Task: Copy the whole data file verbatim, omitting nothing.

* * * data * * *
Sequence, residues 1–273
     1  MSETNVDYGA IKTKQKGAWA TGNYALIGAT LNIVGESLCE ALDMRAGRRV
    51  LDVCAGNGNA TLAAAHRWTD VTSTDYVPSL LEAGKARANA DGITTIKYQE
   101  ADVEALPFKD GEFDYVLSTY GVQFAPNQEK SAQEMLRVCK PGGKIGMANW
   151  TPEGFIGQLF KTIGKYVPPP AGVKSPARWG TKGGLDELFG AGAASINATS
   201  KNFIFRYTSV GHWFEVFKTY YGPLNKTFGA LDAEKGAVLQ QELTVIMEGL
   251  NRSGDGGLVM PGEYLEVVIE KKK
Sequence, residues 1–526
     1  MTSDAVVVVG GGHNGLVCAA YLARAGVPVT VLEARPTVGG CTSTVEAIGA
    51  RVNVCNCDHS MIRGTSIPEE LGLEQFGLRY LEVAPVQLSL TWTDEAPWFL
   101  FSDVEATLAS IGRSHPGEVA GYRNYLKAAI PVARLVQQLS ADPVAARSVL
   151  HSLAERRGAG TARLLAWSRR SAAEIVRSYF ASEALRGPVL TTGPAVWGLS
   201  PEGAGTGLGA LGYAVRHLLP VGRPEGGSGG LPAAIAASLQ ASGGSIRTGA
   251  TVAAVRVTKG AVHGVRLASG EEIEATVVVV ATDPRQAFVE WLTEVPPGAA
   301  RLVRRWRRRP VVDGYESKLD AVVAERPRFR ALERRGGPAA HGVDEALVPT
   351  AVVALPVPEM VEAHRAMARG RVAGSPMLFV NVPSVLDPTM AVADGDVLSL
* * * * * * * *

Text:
Sequence, residues 1–273
     1  MSETNVDYGA IKTKQKGAWA TGNYALIGAT LNIVGESLCE ALDMRAGRRV
    51  LDVCAGNGNA TLAAAHRWTD VTSTDYVPSL LEAGKARANA DGITTIKYQE
   101  ADVEALPFKD GEFDYVLSTY GVQFAPNQEK SAQEMLRVCK PGGKIGMANW
   151  TPEGFIGQLF KTIGKYVPPP AGVKSPARWG TKGGLDELFG AGAASINATS
   201  KNFIFRYTSV GHWFEVFKTY YGPLNKTFGA LDAEKGAVLQ QELTVIMEGL
   251  NRSGDGGLVM PGEYLEVVIE KKK
Sequence, residues 1–526
     1  MTSDAVVVVG GGHNGLVCAA YLARAGVPVT VLEARPTVGG CTSTVEAIGA
    51  RVNVCNCDHS MIRGTSIPEE LGLEQFGLRY LEVAPVQLSL TWTDEAPWFL
   101  FSDVEATLAS IGRSHPGEVA GYRNYLKAAI PVARLVQQLS ADPVAARSVL
   151  HSLAERRGAG TARLLAWSRR SAAEIVRSYF ASEALRGPVL TTGPAVWGLS
   201  PEGAGTGLGA LGYAVRHLLP VGRPEGGSGG LPAAIAASLQ ASGGSIRTGA
   251  TVAAVRVTKG AVHGVRLASG EEIEATVVVV ATDPRQAFVE WLTEVPPGAA
   301  RLVRRWRRRP VVDGYESKLD AVVAERPRFR ALERRGGPAA HGVDEALVPT
   351  AVVALPVPEM VEAHRAMARG RVAGSPMLFV NVPSVLDPTM AVADGDVLSL